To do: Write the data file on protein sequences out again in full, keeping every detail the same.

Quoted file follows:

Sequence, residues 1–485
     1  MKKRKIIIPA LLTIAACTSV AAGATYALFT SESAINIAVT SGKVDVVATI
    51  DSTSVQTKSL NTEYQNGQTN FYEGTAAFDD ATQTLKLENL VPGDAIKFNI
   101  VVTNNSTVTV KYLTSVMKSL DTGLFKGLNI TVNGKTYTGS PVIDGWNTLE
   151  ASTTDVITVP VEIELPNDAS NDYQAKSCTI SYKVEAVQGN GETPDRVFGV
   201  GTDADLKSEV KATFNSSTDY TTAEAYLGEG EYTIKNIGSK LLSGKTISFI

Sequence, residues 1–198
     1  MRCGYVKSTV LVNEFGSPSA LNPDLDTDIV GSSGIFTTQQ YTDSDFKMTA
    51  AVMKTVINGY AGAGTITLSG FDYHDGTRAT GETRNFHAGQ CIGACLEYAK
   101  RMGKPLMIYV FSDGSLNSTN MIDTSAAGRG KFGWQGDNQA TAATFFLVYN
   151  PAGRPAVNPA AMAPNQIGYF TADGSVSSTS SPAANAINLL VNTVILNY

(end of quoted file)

Sequence, residues 1–485
     1  MKKRKIIIPA LLTIAACTSV AAGATYALFT SESAINIAVT SGKVDVVATI
    51  DSTSVQTKSL NTEYQNGQTN FYEGTAAFDD ATQTLKLENL VPGDAIKFNI
   101  VVTNNSTVTV KYLTSVMKSL DTGLFKGLNI TVNGKTYTGS PVIDGWNTLE
   151  ASTTDVITVP VEIELPNDAS NDYQAKSCTI SYKVEAVQGN GETPDRVFGV
   201  GTDADLKSEV KATFNSSTDY TTAEAYLGEG EYTIKNIGSK LLSGKTISFI

Sequence, residues 1–198
     1  MRCGYVKSTV LVNEFGSPSA LNPDLDTDIV GSSGIFTTQQ YTDSDFKMTA
    51  AVMKTVINGY AGAGTITLSG FDYHDGTRAT GETRNFHAGQ CIGACLEYAK
   101  RMGKPLMIYV FSDGSLNSTN MIDTSAAGRG KFGWQGDNQA TAATFFLVYN
   151  PAGRPAVNPA AMAPNQIGYF TADGSVSSTS SPAANAINLL VNTVILNY